Ofsted chief sets out five-year plan
Ofsted’s Chief Inspector, Amanda Spielman, has set out her organisation’s five-year plan, which details its priorities for raisin standards across the sector.
Speaking at the National Children and Adult Services (NCASC) annual conference, Ms Spielman told delegates: “Like you, we have continued with our work while adjusting to big changes in context. But we have also been looking to the future. We recently published a new five-year strategy taking us to 2027…. that reflects on the last 5 years, especially the pressures the pandemic put on our sectors, but it does also look forward to recovery and beyond.”
During her speech, she highlighted five of the Inspectorate’s eight key priorities including:
- Inspections that raise standards
- Delivering ‘right touch regulation’
- Keeping children safe
- Keeping pace with sector changes
- Making sure children get ‘the best start in life’
Highlighting the need to make ‘the best start in life’ a top priority, Ms Spielman said: “Children only get one childhood. Each of us has a role in making sure we are getting it right from the start. We make no apology for prioritising the early years.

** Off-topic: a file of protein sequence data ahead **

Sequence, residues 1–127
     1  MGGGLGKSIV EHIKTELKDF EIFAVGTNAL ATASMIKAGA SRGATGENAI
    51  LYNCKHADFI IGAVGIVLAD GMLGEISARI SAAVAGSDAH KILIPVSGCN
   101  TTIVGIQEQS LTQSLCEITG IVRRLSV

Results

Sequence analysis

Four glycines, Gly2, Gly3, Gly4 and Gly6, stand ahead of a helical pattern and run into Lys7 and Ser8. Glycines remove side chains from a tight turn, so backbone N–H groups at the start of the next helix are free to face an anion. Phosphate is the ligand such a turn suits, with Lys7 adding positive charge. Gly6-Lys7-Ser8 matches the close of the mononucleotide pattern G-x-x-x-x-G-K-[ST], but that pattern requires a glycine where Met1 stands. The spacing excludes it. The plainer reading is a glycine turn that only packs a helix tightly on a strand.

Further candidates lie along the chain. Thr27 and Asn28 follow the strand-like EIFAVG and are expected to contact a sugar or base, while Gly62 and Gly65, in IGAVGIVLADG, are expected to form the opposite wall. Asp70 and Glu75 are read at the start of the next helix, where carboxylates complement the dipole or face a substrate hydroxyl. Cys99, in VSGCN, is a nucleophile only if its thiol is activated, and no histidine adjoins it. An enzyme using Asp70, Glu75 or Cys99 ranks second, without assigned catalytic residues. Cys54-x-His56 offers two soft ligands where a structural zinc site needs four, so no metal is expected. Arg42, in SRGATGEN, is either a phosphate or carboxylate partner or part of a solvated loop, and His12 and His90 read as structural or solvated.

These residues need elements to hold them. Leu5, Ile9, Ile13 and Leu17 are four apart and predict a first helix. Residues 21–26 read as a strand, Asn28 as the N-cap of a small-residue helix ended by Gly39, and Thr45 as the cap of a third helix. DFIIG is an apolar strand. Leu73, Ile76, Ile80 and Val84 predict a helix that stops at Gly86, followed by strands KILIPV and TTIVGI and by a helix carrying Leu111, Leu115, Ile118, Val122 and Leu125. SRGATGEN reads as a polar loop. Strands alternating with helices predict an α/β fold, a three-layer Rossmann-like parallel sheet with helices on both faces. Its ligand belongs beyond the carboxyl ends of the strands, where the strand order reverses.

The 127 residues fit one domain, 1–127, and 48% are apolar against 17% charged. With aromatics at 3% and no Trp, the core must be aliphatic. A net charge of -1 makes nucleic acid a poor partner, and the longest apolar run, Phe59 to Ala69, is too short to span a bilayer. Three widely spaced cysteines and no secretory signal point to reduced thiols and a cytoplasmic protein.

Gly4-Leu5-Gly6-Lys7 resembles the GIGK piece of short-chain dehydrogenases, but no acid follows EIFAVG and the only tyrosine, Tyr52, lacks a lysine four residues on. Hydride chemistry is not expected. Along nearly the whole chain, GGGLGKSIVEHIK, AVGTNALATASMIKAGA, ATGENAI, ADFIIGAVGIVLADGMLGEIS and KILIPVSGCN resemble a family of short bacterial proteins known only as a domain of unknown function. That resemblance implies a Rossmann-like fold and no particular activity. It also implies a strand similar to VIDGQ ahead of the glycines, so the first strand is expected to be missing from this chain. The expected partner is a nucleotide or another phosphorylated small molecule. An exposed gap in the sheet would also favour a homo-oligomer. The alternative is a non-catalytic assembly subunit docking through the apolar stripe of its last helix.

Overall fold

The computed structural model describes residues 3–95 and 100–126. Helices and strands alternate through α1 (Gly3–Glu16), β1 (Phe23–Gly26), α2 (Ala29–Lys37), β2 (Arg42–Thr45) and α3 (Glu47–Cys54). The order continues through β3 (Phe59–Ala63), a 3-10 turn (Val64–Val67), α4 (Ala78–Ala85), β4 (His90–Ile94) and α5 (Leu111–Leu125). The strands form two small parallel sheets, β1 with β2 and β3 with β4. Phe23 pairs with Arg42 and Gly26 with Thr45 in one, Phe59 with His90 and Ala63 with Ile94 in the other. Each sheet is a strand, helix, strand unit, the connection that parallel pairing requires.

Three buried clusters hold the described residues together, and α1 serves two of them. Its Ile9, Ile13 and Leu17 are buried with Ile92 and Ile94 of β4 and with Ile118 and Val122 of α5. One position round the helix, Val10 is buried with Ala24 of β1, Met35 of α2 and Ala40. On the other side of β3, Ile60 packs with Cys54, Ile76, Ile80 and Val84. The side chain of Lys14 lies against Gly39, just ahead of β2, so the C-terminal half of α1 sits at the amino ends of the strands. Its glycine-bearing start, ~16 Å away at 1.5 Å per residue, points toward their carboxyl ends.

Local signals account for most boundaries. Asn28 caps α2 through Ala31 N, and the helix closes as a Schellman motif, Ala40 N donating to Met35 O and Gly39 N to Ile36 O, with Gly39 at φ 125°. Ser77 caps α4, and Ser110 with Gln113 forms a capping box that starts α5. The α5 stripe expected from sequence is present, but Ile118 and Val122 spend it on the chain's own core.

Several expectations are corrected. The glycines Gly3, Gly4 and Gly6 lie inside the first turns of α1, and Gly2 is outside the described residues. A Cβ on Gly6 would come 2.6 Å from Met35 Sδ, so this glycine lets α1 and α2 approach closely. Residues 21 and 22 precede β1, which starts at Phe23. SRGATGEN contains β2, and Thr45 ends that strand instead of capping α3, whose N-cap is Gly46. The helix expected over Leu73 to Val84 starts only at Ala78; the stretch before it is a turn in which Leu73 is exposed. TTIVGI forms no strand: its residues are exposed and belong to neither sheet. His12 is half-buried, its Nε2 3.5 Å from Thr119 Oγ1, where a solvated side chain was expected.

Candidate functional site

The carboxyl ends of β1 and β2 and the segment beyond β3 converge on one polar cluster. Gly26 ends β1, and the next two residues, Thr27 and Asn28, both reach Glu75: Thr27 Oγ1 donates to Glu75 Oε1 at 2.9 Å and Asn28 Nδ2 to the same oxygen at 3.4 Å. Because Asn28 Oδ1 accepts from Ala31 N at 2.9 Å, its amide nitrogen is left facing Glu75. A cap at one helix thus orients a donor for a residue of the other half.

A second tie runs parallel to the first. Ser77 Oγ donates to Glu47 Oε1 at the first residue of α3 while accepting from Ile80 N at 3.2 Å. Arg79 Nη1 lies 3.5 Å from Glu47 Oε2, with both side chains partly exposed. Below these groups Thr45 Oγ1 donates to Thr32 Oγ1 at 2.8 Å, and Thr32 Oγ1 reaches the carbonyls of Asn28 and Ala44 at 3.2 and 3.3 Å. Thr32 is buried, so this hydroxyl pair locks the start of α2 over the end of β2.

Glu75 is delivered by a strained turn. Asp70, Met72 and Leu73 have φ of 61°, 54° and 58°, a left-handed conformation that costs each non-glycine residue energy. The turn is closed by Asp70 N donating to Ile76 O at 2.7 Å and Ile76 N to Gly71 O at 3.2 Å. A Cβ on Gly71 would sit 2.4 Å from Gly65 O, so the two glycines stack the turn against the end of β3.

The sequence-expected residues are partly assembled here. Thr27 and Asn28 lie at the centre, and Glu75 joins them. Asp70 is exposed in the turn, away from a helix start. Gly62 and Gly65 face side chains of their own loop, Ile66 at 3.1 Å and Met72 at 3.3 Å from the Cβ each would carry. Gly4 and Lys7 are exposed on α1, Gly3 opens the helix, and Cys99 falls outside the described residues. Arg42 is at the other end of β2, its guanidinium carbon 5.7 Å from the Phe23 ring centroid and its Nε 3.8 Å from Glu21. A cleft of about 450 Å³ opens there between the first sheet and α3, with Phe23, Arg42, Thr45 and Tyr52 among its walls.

“Over the last year we have published reports highlighting the serious impact the pandemic has had on some of the youngest children.
“There are clear concerns about the impact on children’s social and wider development. Many have gaps in communication and language skills and are behind where they should be in personal, social, emotional, and physical development.”
Responding to concerns raised about Ofsted’s inspection process, she said: “Coming out of the pandemic, schools and nurseries told us they wanted stability and continuity, including in the inspection model. That is why we are allowing the Education Inspection Framework (EIF) to embed properly rather than change it to focus on pandemic recovery.
“We have [also] recently published our new guidance for Joint Targeted Area Inspections (JTAIs). We will look at how children’s social care, education, health, and the police, work together to reduce risks and harm to children and to give early help.”
Explaining Ofsted’s focus on ‘right touch regulation’, she continued: “We know that our ‘right touch regulation’ strategic priority is so important to the sector right now. Proportionate and risk-based regulation is critical to ensuring good outcomes for children.
“There have been several recent reviews and reports with recommendations for Ofsted and for the sectors we work with. We welcome these contributions and the ongoing discussions that they bring. We’ll continue to support improvement based on the recommendations we and you have been making for a number of years to deliver the best possible outcomes for children.
“Where there are lessons for Ofsted to learn, we will take that on board. We will continue to use our regulatory powers with careful thought and only where we have serious concerns. But, when we find care that is simply not good enough, it is right that we continue to act.”